RUSSIAN producer Gennady Polluck and the director of the Moscow Novaya Opera, Valery Raku, have come up with a “new format” designed to defeat the most dyed-in-the-wool opera sceptics.
In a blockbuster show that premiered this month in Adelaide, they’ve combined operatic arias with classical piano recitals and ballet in a seamless production lasting just around two hours.
Polluck, a self-confessed opera maniac who lived in Adelaide for many years before repatriating to Russia in 1999, has long dreamt of bringing Russian opera stars to Australia.
I met up with him at the Adelaide Festival Theatre, still fresh from standing ovations and rave reviews from the night before.
A successful businessman with a background in IT, Polluck is a pragmatist who quickly figured out that bringing a full-scale production of an epic such as Mussorgsky’s Boris Godunov might break the budget without pulling Australian audiences in. Also, as he says, “because of the internet, people can’t focus for very long”.
The solution is the catchy concept of “Operamania”, coming to Llewellyn Hall later this month.
There’ll be 10 classical soloists and four classical ballet dancers in full costume and a 44-piece symphony orchestra, all under the baton of star conductor Andrey Lebedev.
The show, Polluck says, will be distinguished from run-of-the-mill nights at the opera by the sheer quality of the artists and the imaginative and often witty staging of the great standard hits from “The Magic Flute”, “The Barber of Seville”, “Carmen” and so on. From Rigoletto, for instance, we will hear “La donna e mobile”. All the segments will be between two and four minutes long and most of them are to do with love.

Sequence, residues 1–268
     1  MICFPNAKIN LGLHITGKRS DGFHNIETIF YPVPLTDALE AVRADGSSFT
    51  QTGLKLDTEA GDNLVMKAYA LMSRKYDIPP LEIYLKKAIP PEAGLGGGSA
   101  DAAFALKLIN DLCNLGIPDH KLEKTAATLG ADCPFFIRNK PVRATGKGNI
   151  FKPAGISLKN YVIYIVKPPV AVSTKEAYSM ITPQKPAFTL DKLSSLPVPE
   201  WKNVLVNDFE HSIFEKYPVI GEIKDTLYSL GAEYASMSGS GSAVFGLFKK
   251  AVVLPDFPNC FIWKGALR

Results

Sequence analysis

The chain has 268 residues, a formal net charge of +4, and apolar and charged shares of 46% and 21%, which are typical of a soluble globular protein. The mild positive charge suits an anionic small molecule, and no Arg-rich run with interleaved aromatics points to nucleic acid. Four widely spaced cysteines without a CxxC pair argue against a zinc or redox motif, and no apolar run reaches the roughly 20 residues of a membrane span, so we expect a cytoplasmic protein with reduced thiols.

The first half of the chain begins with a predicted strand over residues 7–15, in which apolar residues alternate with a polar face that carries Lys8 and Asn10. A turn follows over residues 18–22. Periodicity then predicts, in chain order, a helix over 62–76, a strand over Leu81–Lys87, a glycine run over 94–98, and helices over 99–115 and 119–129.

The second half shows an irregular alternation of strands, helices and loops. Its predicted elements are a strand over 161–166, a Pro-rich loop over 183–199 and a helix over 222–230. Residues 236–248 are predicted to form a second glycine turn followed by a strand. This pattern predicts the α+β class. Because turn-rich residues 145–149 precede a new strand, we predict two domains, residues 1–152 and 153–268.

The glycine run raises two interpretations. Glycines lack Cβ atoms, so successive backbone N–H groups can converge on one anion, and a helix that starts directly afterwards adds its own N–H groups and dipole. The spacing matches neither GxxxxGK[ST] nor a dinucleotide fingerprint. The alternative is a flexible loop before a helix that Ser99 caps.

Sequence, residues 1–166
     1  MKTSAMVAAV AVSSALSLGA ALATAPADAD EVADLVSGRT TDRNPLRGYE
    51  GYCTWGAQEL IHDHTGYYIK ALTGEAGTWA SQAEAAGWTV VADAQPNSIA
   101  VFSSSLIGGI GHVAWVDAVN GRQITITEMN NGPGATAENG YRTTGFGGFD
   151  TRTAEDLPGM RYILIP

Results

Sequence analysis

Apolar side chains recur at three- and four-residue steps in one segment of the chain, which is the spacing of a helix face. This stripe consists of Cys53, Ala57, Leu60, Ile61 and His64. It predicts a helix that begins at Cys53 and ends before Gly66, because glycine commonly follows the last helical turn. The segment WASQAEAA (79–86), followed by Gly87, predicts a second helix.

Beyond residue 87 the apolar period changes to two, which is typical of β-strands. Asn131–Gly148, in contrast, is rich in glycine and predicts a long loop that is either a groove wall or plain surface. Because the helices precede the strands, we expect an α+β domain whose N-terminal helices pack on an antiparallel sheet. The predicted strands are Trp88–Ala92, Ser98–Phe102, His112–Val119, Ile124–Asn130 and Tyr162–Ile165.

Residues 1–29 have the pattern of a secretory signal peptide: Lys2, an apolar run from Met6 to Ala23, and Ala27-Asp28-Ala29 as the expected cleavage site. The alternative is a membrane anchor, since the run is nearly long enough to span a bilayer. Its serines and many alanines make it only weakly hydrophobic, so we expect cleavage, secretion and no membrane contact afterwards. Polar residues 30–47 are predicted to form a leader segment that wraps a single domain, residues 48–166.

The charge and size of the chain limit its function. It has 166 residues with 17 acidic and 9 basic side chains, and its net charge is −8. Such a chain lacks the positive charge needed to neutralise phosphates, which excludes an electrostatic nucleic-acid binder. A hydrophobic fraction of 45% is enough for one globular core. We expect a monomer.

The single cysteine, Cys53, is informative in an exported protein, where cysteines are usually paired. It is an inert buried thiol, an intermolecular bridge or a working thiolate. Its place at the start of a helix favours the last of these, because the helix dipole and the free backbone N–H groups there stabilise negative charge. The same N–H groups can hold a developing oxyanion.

Interspersed with the arias will be ballet sequences such as Tchaikovsky’s “The Sleeping Beauty”. As well, pianist Ekaterina Kolpakova will perform well-loved works by Tchaikovsky, Chopin, Liszt and Rachmaninov.
Visually, the show is blended together by having the entire orchestra on stage and projecting artworks adapted by designer Sergei Skornetsky from paintings by early 20th-century artists such as Wassily Kandinsky.
“Operamania,” is hugely high-tech, Polluck says, and hugely expensive too, costing him approximately $10,000 to bring each artist here. That leads him to think that if he ever brings a full Russian opera to Australia – “Prince Igor” perhaps – he would need to use local orchestras and dancers.
But that would be another story.
“Operamania”, Llewellyn Hall, 7.30pm, April 23-24 and 2pm, April 25. Bookings to 1300 795012 or ticketek.com.au
Win tickets to see Operamania at citynews.com.au